So you walk into the doctor’s office and explain that you have no energy, you feel sad, hopeless, you can’t sleep, and you have no interest in the things that used to interest you.
Your doctor would probably tell you that you’re depressed. And prescribe you an anti-depressant.
But, depression is just a label given to a collection of symptoms. It tells you nothing about what caused the symptoms in the first place.
Symptoms of depression can result from a whole host of reasons … emotional trauma, an autoimmune reaction from eating gluten, adrenal fatigue, low thyroid function, vitamin B12 deficiency, vitamin D deficiency, food allergies, inflammation in your gut from taking too many antibiotics that kill off the beneficial bacteria, high mercury levels, omega 3 fatty acid deficiency and insulin resistance, to name a few.
The diagnosis and treatment of each of those causes is very different.
Consider a few cases from my practice …
A 54 year old woman struggled for more than a decade with depression. She had tried several different anti-depressant prescriptions, with no relief and had gained twenty pounds over that time, at least partly due from the medications she was taking. We found that she had very high levels of mercury. Once she underwent detoxification for the mercury her mood improved, she was able to come off her anti-depressant and she returned to her normal weight.
A 42 year old man with a five year history of depression came to see me on a cocktail of different anti-depressants. He had also been taking a proton pump inhibitor for heartburn for close to fifteen years. When we checked his nutrient levels we found he was suffering from vitamin B12, B6 and folate deficiencies, most likely due to the long term antacid use that had depleted his stomach acid. His depression became a thing of the past once we replenished those vitamins and improved his digestion.
A 26 year old had been depressed most of her life, her low mood seemingly starting in early adolescence. Again, she had been put through a list of anti-depressants with no significant results. Determining which foods she was sensitive to resulted in the most difference in improving her mood. A couple months after having eliminated her food intolerances, her depression went away.
That’s just three examples of the dozens of potential causes for depression.
Taking antidepressants isn’t the answer to our growing mental health epidemic. We must work at addressing the root causes of depression, those underlying imbalances that cause the body to malfunction in the first place.
Here are seven steps you can take to begin rebalancing the systems in your body that may be contributing to depression:
- Check for food allergies or intolerances that may be a “hidden” source of inflammation in your body. Studies show inflammation in the brains of people that are depressed. This is the reason why anti-inflammatory drugs like Enbrel (normally used for autoimmune conditions) are being studied for the treatment of depression. But there is no need to resort to taking a drug. Why not start to decrease inflammation naturally, right now, by simply following an anti-inflammatory diet?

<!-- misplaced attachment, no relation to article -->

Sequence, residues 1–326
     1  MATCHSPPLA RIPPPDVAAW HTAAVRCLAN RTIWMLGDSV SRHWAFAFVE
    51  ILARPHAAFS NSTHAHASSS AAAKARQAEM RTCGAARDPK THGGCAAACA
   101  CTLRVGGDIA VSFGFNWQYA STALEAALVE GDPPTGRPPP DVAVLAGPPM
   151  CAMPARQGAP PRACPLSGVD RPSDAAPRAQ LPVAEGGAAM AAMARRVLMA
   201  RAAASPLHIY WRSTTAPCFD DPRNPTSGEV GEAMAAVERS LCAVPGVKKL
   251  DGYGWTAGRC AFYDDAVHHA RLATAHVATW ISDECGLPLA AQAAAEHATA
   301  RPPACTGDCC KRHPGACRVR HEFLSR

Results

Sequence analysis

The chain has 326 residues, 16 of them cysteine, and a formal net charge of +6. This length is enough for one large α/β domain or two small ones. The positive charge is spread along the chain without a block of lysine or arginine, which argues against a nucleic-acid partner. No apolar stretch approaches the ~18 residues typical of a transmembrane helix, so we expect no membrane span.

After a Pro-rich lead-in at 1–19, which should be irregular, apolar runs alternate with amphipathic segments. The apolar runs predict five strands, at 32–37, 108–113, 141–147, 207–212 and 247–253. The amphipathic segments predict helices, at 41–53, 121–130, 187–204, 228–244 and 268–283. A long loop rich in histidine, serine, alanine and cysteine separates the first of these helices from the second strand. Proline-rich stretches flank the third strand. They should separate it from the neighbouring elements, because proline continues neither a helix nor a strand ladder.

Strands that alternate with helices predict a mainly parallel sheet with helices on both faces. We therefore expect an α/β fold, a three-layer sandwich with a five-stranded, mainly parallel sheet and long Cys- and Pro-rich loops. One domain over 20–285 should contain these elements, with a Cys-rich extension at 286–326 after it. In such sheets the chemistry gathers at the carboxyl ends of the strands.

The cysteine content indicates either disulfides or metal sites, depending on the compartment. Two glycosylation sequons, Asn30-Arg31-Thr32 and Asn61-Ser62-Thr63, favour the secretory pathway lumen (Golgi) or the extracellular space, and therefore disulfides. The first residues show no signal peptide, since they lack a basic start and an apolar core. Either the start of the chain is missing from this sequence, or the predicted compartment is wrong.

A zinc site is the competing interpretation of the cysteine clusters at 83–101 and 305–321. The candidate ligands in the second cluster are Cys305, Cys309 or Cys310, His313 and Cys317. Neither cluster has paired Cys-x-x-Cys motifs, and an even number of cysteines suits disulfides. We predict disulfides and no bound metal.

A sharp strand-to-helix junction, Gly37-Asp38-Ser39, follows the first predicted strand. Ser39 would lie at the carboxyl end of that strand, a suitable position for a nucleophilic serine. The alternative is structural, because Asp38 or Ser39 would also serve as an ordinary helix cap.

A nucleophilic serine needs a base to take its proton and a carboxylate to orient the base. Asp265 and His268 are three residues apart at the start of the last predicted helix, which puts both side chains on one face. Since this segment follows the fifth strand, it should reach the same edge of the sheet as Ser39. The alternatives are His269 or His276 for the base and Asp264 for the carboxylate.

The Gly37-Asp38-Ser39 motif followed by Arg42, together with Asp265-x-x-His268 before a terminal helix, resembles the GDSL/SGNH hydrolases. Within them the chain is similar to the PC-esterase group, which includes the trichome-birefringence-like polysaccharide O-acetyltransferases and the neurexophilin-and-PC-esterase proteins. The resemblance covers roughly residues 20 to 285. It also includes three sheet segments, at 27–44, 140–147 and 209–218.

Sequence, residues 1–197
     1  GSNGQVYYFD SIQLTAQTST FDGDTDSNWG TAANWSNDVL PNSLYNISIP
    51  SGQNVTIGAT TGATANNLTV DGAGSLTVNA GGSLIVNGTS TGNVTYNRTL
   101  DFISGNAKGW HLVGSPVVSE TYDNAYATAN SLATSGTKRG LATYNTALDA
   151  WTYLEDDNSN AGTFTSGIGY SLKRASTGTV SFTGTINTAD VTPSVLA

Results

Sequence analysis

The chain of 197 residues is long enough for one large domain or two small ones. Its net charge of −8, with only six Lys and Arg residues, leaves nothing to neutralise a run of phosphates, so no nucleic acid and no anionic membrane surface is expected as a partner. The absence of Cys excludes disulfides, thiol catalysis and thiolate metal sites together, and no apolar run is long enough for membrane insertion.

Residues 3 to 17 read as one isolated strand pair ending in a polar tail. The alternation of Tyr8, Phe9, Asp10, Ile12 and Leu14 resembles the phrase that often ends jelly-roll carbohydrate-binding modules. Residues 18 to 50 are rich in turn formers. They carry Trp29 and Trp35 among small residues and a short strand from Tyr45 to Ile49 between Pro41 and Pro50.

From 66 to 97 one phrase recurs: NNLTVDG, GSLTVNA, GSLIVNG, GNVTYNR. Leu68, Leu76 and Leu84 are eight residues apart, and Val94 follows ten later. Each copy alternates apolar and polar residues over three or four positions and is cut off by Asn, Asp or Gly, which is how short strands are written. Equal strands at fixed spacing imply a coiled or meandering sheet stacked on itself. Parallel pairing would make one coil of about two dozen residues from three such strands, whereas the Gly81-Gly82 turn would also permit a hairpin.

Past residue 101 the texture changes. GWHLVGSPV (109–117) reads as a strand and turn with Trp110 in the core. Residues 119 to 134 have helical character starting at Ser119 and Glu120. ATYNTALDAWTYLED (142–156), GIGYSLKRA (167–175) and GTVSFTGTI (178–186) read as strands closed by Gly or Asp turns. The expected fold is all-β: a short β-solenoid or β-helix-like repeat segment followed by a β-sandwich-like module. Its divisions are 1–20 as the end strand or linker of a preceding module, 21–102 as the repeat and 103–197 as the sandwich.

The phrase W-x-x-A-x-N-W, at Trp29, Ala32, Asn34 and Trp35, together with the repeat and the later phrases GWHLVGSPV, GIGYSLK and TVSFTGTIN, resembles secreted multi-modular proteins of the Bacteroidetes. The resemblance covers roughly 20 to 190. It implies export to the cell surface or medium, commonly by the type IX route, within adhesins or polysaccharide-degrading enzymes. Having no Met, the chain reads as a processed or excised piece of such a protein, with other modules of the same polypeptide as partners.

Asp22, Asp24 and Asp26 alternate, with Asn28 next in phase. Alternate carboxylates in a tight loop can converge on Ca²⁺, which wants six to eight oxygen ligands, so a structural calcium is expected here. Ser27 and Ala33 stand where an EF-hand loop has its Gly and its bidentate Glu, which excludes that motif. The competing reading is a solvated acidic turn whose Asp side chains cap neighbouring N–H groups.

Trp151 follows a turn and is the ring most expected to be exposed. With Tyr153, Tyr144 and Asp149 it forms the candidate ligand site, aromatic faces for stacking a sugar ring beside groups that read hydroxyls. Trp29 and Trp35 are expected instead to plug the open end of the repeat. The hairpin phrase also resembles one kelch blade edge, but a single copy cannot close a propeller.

- Check for hormonal imbalances. When the adrenal hormones cortisol and DHEA are low we become depressed, often from the physical exhaustion that takes place. Up and down moods throughout the day, as well as irritability often reflect unstable cortisol levels. Using a salivary adrenal stress test we can assess these hormones and correct any imbalances to create more energy and more stable moods. Cortisol imbalances are often the triggering factor for thyroid imbalances so it is also important to have a thorough thyroid exam done if you are depressed.
- Have a vitamin D 25-hydroxy test. People with depression typically have significantly lower levels of vitamin D compared to otherwise healthy individuals. Supplementation should be based on your test results and dosed to maintain a plasma level over 75mmol/L. For adults, this will typically range from 4000 to 10000 IU per day.
- Supplement with omega 3 fats. In studies, fish oil has demonstrated antidepressant, antipsychotic, and mood stabilizing effects. The active ingredients in fish oil are EPA and DHA. In order to benefit mood, a fish oil must have a EPA:DHA of at least 3:1 (and a ratio of 4-10:1 may be preferred).
- Supplement with a high quality multivitamin that contains a low dose B complex. A blood test called homocysteine can be valuable to assess B12, B6 and folate levels. Studies indicate that people with depression have significantly higher homocysteine levels. Folic acid and vitamin B12 have been shown to lower homocysteine and improve symptoms of depression.
- Rule out heavy metal toxicity. Heavy metal toxicity, in particular mercury toxicity, has been correlated with depression and other neurological disorders.
- Exercise. Studies have shown that exercising for 20 minutes, six times per week at 60 to 70% of maximum heart rate resulted in significant improvements in mood, not to mention a 30% decrease in inflammation. (Maximum heart rate = 220 – your age; therefore a 40 year old’s target heart rate would be between 108 and 126 beats per minute.)
These are just a few of the most effective steps you can take to treat depression. The key is to address the underlying root cause(s). Once you figure that out the treatment becomes obvious.
Call the Wellness Blueprint Health Centre at (306) 781-2222 to learn more about how to identify the root cause of your depression. Dr. Esposito, ND is happy to offer you a free Healthy Mind Evaluation.